What makes The Witcher medieval? Magic and the fantastic, to start with. While not every bit of magic makes a piece reminiscent of the medieval world, the casual way in which magic permeates the entirety of life and the world is medieval. Medieval people, in general, believed in magic. There is a more complicated version to tell, of course, but in general, the inclusion of fairy and magic in medieval literature was an expected piece of story-telling. Witchers are supernaturally enhanced men who protect the weak, just like knights. The “Law of Surprise” plot point is not medieval in itself, but the emphasis on honor, keeping one’s word, and the idea of being born into destiny, definitely is. The final book in the series, The Lady of the Lake, even transports a character to the realm of King Arthur.

The Medieval World and Medievalism, Fountaindale Public Library

A Song of Ice and Fire Series / Game of Thrones by George R. R. Martin

While I certainly still have some strong feelings about the ending of HBO’s Game of Thrones television series, the books and show itself are definitely strong examples of medievalism. The political intrigue across the series adds depth to king-making, and the constant threat of violence dealt by sword-carrying knights lingers over all the characters. If you’ve never read the books, the first in the series is A Game of Thrones, hence the TV show’s title.

Fair warning, though: much like Chaucer’s incomplete Canterbury Tales, Martin’s most recent addition to the series was released in 2012. Book six, provisionally titled Winds of Winter, has yet to be published. Initially meant to release in April of 2021, the current rumor places publication in November of this year. But I wouldn’t cross your fingers. My theory is Martin will never release the final two books in the Song of Ice and Fire series, as he is publishing books from his other works nearly annually instead.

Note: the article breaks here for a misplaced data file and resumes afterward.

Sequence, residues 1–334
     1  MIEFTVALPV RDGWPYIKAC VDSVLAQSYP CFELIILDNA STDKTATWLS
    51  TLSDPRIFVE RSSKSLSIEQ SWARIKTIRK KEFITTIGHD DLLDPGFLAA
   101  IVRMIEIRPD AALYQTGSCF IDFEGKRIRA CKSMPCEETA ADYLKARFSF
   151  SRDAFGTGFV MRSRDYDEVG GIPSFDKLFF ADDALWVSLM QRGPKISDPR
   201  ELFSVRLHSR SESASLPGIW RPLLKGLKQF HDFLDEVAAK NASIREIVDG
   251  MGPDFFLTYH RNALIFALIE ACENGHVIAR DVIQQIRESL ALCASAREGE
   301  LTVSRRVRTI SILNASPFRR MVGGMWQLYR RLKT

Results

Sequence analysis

The Medieval World and Medievalism, Fountaindale Public Library

The Mere Wife by Maria Dahvana Headley

First and foremost, The Mere Wife is a feminist and contemporary retelling of the Old English Beowulf. Old English, a heavily Germanic predecessor to Modern English, is very different and difficult to read. Headley, in offering a retelling, is doing more than simply translating a medieval text. She changes the characters to reflect modern concepts, such as the conflict in the Middle East, while maintaining a deep connection to the medieval source material.

Headley also wrote a modern English slang-heavy translation of Beowulf that I absolutely recommend that begins “Bro! Tell me we still know how to talk about kings” and absolutely captures the beginning of the Old English story-telling process.

The Medieval World and Medievalism, Fountaindale Public Library

Star Wars

There is so much I could say about the world of Star Wars and medievalism. From Luke Skywalker’s hero journey and the concept of “the fair unknown” (which basically indicates a character who is really good and probably attractive, realizes they are inherently good at hero skills, becomes the hero and saves the day) to the means by which Jon Favreau introduces medieval masculinity to The Book of Boba Fett, Star Wars doesn’t really stop with the medieval connections. It’s also one of my favorite things in the world, and I’m not sure how to talk about the different aspects of it. I have currently submitted an essay proposal that is pending, so I won’t veer into my Book of Boba Fett review until I know what’s going on with that paper, but for now, enjoy the cover of an excellent graphic novel run called Vader: Dark Visions.

Video Games

There are so many video games that reflect casual medievalism. My favorite and current obsession is Skyrim, the fifth installment in the Elder Scrolls series. Skyrim‘s primary hero, your playable character, is the legendary Dragonborn, a hero born with a mystical ability to speak the magic language of dragons, who were thought to have died out generations ago. Magic, heroes, fighting bandits to protect the weak, it’s all very knightly. Games like Assassin’s Creed, Dragon Age, Legend of Zelda and even World of Warcraft all handle medieval elements as part of their world-building.

There are so many books, shows, movies, games and even songs/bands/albums that interact with the idea of the medieval past. Do you have a favorite that comes to mind? I’d love to hear about it, if so!